1. Save smart in your retirement plan.
Most employers no longer offer traditional pensions. So, if your employer offers a 401(k) plan or a similar defined-contribution retirement plan, it's largely up to you to make the most of it.
In 2014, the limits on 401(k) contributions remain the same as in 2013: People younger than age 50 may contribute up to $17,500 toward their retirement. Those 50 or older can contribute $23,000. That gives most people plenty of room to raise their contributions.
If you can't max out your 401(k), at the very least make sure that you're contributing enough to take advantage of any matching funds your employer offers. Many employers will match your contributions up to a certain amount, typically between 3 percent and 6 percent of your salary, top give you an incentive to save. Contributing that much toward your retirement earns you free money. Take it -- all of it.
Finally, take a look at your investments to see if your portfolio balance is in line with your preferred level of risk. After the big rise in the stock market -- such as the one we saw in 2013 -- you may find that stocks account for a bigger portion of your retirement assets than you're comfortable with, in which case rebalancing would be a smart move. On the other hand, if you've been too conservative in your picks, diversifying to add more stock exposure could increase your upside potential, even if it comes with somewhat higher risk.
2. Don't let your Flexible Spending Account go to waste.
A flexible spending account lets you set money aside on a pre-tax basis toward medical expenses. Usually, you establish at the beginning of the year how much you want to save, and then it's up to you to submit bills throughout the year to get reimbursed for co-pays, doctors' visits, dentists' bills, and other medical expenses you incur.
3. Make the most of your insurance coverage.
Many employers give their workers various types of insurance coverage at work, including health insurance, life insurance, and the option to choose other types of voluntary insurance policies. It's important to understand what coverage you have, even though at most companies the open enrollment period during which you can actually make changes to health insurance plan options has already ended.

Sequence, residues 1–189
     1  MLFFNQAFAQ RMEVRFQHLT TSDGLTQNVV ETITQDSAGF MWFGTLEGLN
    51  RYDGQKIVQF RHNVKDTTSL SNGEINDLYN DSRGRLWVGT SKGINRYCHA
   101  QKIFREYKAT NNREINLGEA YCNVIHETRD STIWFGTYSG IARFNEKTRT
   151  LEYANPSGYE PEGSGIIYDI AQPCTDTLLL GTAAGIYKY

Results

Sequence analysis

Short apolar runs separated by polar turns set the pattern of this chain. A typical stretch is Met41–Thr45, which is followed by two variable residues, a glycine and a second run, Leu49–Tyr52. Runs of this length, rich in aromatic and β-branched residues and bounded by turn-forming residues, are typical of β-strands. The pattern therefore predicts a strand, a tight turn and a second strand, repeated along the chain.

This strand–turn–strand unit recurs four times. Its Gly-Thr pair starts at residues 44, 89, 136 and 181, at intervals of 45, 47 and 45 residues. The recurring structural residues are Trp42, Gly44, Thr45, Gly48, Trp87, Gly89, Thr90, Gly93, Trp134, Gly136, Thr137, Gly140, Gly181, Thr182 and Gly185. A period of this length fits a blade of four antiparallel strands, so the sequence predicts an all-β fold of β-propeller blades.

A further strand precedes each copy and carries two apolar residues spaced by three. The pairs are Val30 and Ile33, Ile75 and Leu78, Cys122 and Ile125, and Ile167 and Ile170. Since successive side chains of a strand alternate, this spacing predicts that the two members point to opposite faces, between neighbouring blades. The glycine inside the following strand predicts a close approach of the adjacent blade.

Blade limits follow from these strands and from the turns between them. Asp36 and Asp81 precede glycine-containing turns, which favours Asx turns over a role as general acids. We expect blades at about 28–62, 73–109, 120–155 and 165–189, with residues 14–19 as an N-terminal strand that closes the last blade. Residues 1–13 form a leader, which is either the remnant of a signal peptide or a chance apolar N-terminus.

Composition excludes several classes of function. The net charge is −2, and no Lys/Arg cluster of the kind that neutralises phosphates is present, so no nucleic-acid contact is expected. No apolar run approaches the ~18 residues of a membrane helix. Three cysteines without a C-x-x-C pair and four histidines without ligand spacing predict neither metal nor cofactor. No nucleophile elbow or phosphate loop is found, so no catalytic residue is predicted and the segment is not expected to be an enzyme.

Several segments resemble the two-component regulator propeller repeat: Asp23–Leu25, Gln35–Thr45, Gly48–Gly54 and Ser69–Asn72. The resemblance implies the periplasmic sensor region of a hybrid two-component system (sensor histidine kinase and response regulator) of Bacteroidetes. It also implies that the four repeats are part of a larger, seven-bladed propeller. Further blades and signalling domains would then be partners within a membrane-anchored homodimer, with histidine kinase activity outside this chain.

What you can do, though, is to look closely at your benefits with an eye toward avoiding any misunderstandings about what's covered during 2014. You don't want to incur a voluntary medical expense that ends up not being covered by insurance, leaving you footing the bill. Similarly, making sure you have the correct beneficiaries listed on your life insurance, and that any special insurance coverage you're paying for actually makes sense for your situation is always a smart move.
Also, keep in mind that if in 2014 your family situation shifts -- if your marital status changes or if you have a child -- you can generally make changes at that time, even if it's not during the open-enrollment period.
Don't Waste a Penny of Your Benefits
Employers constantly try to cut costs, and benefits are a logical place to reduce costs in a way that's not as visible as a pay cut. Stay on top of your benefits, and you'll make sure you're getting the most you can from whatever is available to you.
You can follow Motley Fool contributor Dan Caplinger on Twitter @DanCaplinger or on Google+.